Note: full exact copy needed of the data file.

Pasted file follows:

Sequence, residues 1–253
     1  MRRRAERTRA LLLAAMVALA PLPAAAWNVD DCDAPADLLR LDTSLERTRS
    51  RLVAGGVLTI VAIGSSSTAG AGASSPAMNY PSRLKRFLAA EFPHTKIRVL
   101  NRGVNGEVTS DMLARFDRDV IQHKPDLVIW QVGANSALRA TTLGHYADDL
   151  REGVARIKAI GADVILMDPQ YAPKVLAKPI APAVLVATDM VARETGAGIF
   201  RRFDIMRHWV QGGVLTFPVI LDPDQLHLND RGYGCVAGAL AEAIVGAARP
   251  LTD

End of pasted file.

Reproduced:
Sequence, residues 1–253
     1  MRRRAERTRA LLLAAMVALA PLPAAAWNVD DCDAPADLLR LDTSLERTRS
    51  RLVAGGVLTI VAIGSSSTAG AGASSPAMNY PSRLKRFLAA EFPHTKIRVL
   101  NRGVNGEVTS DMLARFDRDV IQHKPDLVIW QVGANSALRA TTLGHYADDL
   151  REGVARIKAI GADVILMDPQ YAPKVLAKPI APAVLVATDM VARETGAGIF
   201  RRFDIMRHWV QGGVLTFPVI LDPDQLHLND RGYGCVAGAL AEAIVGAARP
   251  LTD